Parman is not authority for declaring gunpowder outside the purview of the term "explosives." Webster's Third New International Dictionary defines gunpowder as "a black or brown explosive...." In a fire prevention statute, the legislature recognizes gunpowder as an explosive. The state fire marshal is directed to adopt rules and regulations for the safeguarding of life and property from the hazards of explosion, which regulations shall include:

"(1) The keeping, storage, use, sale, handling, transportation or other disposition of ... explosives, including gunpowder...." K.S.A. 1979 Supp. 31-133.

When the present criminal code was enacted, the legislature repealed K.S.A. 21-2444 (Corrick), which had exempted sales of gunpowder. By repealing and not re-enacting the statutory exemption the legislature must have intended to include gunpowder as a regulated explosive. "It is not the function of this court to read into a statute a provision which the legislature, in the exercise of its wisdom, omitted...." Jackson v. State Corporation Commission, 183 Kan. 246, 250, 326 P.2d 280 (1958). We conclude that gunpowder is an explosive, the disposition of which is regulated by K.S.A. 21-4209.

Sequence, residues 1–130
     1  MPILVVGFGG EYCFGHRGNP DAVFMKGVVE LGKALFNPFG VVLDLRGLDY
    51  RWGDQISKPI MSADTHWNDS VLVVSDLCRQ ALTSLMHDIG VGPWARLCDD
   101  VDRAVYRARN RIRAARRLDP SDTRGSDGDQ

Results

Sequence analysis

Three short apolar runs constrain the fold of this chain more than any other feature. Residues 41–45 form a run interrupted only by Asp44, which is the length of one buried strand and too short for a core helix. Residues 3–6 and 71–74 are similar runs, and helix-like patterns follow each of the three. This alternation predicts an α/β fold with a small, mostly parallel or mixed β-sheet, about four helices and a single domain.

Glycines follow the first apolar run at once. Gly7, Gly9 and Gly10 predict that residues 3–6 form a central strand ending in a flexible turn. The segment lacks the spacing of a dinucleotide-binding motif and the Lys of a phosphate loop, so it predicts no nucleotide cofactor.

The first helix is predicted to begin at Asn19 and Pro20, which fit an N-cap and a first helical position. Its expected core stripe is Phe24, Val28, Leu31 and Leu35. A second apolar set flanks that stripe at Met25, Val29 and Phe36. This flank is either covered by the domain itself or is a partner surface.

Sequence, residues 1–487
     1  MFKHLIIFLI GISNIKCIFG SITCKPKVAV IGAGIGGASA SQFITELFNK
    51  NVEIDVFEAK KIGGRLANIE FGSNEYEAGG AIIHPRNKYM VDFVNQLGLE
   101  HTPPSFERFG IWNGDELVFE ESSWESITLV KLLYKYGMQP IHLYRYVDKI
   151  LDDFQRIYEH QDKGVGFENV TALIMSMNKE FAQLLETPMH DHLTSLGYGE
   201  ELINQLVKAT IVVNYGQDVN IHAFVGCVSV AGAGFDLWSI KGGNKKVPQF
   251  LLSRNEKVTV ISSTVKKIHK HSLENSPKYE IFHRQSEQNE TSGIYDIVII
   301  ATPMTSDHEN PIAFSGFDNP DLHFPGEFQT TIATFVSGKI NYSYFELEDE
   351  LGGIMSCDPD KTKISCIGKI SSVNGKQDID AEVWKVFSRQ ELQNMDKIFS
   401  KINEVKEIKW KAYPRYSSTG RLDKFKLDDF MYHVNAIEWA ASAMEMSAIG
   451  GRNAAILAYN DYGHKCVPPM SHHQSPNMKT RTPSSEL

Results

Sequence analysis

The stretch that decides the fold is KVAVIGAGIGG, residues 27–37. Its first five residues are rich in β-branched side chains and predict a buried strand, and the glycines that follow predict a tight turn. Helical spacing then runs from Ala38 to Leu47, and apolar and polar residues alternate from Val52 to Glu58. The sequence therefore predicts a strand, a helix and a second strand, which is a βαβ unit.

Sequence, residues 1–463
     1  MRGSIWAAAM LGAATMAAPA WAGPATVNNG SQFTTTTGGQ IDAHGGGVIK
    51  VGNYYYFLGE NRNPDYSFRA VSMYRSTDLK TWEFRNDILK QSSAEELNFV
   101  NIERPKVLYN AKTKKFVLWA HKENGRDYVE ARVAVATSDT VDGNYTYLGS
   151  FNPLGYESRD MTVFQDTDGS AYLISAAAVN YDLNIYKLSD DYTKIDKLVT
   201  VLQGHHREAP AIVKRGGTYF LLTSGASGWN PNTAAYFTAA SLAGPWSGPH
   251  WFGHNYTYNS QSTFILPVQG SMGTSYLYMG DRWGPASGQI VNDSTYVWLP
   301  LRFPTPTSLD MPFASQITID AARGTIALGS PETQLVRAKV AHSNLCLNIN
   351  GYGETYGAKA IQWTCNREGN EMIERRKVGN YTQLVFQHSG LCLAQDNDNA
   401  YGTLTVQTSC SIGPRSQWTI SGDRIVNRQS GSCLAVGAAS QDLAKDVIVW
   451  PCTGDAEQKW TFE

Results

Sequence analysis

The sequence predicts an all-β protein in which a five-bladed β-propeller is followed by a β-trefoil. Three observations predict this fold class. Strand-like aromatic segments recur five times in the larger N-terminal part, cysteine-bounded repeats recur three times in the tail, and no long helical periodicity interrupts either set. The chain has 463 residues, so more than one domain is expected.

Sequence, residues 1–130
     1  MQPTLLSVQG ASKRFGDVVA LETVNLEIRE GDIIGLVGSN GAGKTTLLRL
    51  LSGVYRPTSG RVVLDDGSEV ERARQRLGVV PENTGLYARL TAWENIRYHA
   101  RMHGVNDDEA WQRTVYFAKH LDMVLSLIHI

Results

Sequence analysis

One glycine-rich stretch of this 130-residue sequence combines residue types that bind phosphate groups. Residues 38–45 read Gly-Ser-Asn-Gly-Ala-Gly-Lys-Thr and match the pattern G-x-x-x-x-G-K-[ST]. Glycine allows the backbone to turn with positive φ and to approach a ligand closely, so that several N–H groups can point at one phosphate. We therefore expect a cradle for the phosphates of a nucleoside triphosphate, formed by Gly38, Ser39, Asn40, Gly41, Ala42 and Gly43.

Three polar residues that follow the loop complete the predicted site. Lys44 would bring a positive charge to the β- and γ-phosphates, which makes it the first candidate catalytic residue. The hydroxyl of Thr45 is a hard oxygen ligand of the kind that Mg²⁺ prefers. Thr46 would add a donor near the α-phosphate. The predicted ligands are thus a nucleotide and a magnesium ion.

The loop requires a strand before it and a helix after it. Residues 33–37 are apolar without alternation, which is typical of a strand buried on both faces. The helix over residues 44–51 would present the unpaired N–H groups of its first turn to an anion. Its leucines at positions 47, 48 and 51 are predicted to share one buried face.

Cases from other jurisdictions considering defenses to actions *849 predicated upon violations of explosive and firearm statutes are instructive. The statutes vary, however, and the decisions are not consistent as to whether the traditional defenses apply. See Annot., 75 A.L.R.3d 825.